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Top 5 biggest myths about Business Continuity...
Thu, 26th Jun 2014
FYI, this story is more than a year old

At Plan B, we’ve heard many claims about Business Continuity planning, and a few pearlers keep cropping up.

Here are a few of our ‘favourite’ myths – and what you need to know to plan for real Business Continuity.

‘Just put it in the cloud’

Moving data and services into the cloud gives you more flexibility and makes financial sense, but when the cloud goes wrong, it can be catastrophic.

Storing your backup data in the cloud is great; it’s relatively cheap, backup data is offsite (typically in another geographical region), easily accessible, and provides for growth.

However in a disaster some of those same advantages can quickly turn against you.

If you needed to restore a server in a hurry, consider that would take 46 hours to restore a 1TB server from an international cloud provider over a 50Mb/s internet link – if the link still works.

Would that meet your business objectives? When was the last time you tested the recovery of one of your cloud hosted servers?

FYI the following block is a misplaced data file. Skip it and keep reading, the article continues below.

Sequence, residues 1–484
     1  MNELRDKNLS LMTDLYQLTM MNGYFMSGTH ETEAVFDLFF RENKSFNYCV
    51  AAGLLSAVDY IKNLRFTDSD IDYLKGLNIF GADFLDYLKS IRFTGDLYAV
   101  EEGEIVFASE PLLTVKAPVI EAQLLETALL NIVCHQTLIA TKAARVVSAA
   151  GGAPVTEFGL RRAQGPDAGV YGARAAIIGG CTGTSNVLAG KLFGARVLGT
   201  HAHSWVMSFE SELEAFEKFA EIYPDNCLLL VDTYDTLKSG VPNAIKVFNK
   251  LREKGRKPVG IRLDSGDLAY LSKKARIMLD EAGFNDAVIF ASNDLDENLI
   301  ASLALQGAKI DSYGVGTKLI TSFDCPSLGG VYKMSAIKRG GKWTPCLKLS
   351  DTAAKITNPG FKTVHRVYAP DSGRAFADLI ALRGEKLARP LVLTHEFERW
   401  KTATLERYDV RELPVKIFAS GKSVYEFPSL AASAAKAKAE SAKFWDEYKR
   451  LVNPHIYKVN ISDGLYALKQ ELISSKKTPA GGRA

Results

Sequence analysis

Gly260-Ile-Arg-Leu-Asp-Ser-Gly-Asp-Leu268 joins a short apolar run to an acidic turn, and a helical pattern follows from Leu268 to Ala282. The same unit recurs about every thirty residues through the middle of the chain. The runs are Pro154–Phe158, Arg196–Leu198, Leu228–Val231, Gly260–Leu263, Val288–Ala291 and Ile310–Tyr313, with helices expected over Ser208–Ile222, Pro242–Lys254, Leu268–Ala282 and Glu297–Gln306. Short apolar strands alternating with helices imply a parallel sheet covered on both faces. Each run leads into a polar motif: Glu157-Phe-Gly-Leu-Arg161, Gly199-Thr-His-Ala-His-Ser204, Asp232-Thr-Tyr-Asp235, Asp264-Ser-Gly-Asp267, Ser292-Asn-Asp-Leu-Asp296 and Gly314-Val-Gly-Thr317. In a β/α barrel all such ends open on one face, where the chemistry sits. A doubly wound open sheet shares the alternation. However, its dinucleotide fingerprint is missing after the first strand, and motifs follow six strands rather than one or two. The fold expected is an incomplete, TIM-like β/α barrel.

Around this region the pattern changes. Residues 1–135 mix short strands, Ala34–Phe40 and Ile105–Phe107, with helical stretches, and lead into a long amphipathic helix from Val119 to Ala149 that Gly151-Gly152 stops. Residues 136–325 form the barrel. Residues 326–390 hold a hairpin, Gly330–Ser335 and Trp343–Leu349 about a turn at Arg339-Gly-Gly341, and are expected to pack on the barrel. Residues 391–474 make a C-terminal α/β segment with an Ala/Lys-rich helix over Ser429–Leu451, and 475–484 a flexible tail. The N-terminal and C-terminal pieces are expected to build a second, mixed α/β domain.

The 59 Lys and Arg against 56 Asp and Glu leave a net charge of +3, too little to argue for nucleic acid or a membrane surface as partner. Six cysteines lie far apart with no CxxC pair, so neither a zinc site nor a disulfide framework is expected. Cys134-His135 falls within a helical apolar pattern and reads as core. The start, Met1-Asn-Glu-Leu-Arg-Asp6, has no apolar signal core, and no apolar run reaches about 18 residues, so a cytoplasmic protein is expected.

‘The risk is actually pretty low’

When most people think of a disaster they think of natural disasters; earthquake, tsunami, tornado, but from our experience hardware failures, corruptions, failed upgrades and human error are the top reasons for recovering data.

Don’t underestimate and ignore events that could happen closer to home.

‘I don’t need to be involved’

A great Business Continuity plan is closely aligned with both the strategic and tactical management of the company. It’s not as simple as backup tapes and laptop computers – you need to know how every facet of the business will continue to operate.

CRM? Finance systems? Phones? How will you communicate with staff? How will clients communicate with you? What about contractual or compliance obligations?

‘My IT guys have it all in hand’

IT shouldn’t own the Business Continuity Plan, as it affects the entire business. How sure can you be that your plan meets your business objectives?

It’s also important that senior management is responsible for BC planning, because when things go wrong, senior management will need the answers.

‘I have a copy of my data, that’s enough’

Successfully backing up your data is critical, but only one small part of the bigger picture. In an event, your staff need to keep working with minimal disruption, your milestones need to be met, and your customers should barely notice any problems.

Anything less puts your business at risk. This is why Business Continuity planning is required in some international markets. Don’t be surprised if you start seeing it as a prerequisite on the next RFI/RFP.